Sept 9th-It has been awhile
I always complain about websites that don’t keep their fishing reports current, well…it is time I stop complaining and start writing. Sorry for the delay on the blog, the fishing has been keeping us busy. So lets get to it—-how has the fishing been? Well it has been a real mixed bag lately. We are transitioning into our fall season and the transition from season to season (spring to summer and summer to fall) is always a bit finicky. The Madison has taken the brunt of the off and on nature of this transition time. Today it was on, and the Rainbows were stalking the hapless hopper in a big way, big time. But just last week there were guides on the River (myself included) that were swearing (literally) that all the big trout in the river had been abducted by aliens and flown to a distant planet. But that is the nature of fishing, and one of the great mysteries of the sport that keep it enchanting and incredibly interesting. One day they are there, the next nothin’, and “there is jus no splaining it”. The Gallatin has also been a mixture of hot and cold, but this has been a reaction of this water to the weather more than anything. The never go away Spruce Moth, is still providing lots of action on the warm days, but the colder days are seeing a slow down in the action. If it does cloud up, I would wait until late afternoon and then hit the Park stretch for Mahogany Duns and baetis. Pay attention to the slow margins and undercut banks for risers looking for the season’s last mayfly emergences. The Henry’s Fork has been very good and has been an exception to the turbulent nature of the fishing lately. Warm River to Ashton has been rock steady, especially with nymphs. The Shop Vac rules this land, but the Woolly Bugger wants its throne back and it has brought along a few reinforcements in the name of Mr Rubberlegs, and Miss Leech. The larger fish in this stretch are on the prowl for these larger morsels. The Box has also been a producer as the lower flows have been a boon to the dedicated nympher. Grass will keep you busy messing with your rig, but so will big rainbows, mid size rainbows, and tiny rainbows. Dips and Vacs are a deadly one-two punch here. Look for the Firehole River to hit our radar this week as the caddis begin their fall emergence, especially on the warm mornings and evenings. Cloudy days will bring out baetis in droves on this river, but they are a bit on the small side at this time of year. Be prepared , for these Baetis are small, and I mean small, 22′s to 24′s are common. The fishing is in its fall phase, and as the willows and aspens begin to turn color, the elk begin to bugle, and the ducks begin to fill up Hebgen, the fishing will continue to compete for our attention.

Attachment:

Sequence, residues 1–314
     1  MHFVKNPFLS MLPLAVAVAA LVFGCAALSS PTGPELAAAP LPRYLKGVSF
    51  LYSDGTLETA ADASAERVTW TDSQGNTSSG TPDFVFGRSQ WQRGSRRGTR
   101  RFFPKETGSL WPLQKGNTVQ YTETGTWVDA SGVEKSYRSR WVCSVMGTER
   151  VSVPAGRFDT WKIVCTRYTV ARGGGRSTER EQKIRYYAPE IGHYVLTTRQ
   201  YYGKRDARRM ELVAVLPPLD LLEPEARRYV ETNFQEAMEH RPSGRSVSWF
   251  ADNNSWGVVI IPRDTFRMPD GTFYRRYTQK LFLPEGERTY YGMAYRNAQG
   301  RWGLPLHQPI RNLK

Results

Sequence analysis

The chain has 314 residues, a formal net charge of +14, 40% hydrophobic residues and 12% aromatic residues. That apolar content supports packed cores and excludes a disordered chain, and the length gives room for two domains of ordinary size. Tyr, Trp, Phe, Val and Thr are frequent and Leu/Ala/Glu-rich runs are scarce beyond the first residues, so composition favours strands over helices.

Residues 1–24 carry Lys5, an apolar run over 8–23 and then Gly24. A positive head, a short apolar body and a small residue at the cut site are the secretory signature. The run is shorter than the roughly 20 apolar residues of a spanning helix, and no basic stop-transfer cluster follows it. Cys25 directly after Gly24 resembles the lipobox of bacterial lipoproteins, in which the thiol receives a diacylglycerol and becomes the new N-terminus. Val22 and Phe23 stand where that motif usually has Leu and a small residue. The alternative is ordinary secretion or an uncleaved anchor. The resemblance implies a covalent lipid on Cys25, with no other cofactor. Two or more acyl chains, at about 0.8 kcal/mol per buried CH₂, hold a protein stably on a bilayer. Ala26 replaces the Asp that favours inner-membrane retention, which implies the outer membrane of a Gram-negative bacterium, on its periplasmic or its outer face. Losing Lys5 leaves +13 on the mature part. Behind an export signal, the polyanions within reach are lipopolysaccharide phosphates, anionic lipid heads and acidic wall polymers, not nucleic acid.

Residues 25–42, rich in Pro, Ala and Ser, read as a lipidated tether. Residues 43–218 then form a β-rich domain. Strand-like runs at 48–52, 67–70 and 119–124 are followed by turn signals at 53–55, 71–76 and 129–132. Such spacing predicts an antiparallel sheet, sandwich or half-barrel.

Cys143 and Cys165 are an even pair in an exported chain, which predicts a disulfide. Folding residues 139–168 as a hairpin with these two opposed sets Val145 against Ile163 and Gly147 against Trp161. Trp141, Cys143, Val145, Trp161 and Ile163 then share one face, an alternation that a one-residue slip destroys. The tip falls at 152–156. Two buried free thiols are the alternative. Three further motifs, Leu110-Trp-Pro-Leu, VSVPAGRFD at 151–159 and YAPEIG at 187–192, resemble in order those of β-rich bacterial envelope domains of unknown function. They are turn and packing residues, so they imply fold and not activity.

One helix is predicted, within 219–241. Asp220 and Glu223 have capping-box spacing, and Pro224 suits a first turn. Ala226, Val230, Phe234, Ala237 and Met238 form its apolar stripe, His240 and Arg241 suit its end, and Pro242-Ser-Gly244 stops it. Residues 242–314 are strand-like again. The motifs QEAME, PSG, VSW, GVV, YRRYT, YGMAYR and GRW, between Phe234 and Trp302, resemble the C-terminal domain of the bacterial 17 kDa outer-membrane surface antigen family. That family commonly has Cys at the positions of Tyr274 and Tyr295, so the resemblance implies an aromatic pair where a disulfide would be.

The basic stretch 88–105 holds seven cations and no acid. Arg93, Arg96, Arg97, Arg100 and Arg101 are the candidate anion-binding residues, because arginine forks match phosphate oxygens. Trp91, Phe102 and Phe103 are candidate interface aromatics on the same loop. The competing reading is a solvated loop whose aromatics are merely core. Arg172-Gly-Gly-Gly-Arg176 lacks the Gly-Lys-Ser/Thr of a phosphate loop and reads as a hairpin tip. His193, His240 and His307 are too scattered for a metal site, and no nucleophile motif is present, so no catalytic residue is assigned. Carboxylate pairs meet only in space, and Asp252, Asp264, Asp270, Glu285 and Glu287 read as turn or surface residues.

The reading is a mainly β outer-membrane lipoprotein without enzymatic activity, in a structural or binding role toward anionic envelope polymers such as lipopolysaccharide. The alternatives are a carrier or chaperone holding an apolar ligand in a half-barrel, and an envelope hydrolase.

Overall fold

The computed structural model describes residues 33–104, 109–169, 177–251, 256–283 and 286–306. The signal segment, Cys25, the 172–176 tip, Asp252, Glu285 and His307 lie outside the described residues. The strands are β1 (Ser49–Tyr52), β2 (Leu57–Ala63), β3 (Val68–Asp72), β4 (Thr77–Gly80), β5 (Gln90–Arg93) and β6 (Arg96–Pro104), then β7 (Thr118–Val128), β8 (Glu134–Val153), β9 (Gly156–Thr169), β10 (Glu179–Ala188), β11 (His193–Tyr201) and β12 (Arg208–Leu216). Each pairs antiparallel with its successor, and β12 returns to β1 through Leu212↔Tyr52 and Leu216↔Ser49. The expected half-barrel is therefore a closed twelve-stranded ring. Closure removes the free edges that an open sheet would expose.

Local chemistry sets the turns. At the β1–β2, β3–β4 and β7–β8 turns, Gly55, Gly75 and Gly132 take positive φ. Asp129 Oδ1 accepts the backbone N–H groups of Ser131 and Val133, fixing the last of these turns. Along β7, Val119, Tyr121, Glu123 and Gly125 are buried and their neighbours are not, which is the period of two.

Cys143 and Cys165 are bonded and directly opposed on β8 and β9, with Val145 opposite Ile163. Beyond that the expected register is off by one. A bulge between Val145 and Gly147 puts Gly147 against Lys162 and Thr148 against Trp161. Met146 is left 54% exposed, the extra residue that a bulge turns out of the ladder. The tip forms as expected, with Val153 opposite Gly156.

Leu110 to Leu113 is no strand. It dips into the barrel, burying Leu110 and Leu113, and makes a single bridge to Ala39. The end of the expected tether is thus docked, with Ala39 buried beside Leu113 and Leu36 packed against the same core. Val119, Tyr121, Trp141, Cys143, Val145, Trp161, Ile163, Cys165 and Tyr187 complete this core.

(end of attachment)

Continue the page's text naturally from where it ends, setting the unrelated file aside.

Fish On everybody!!!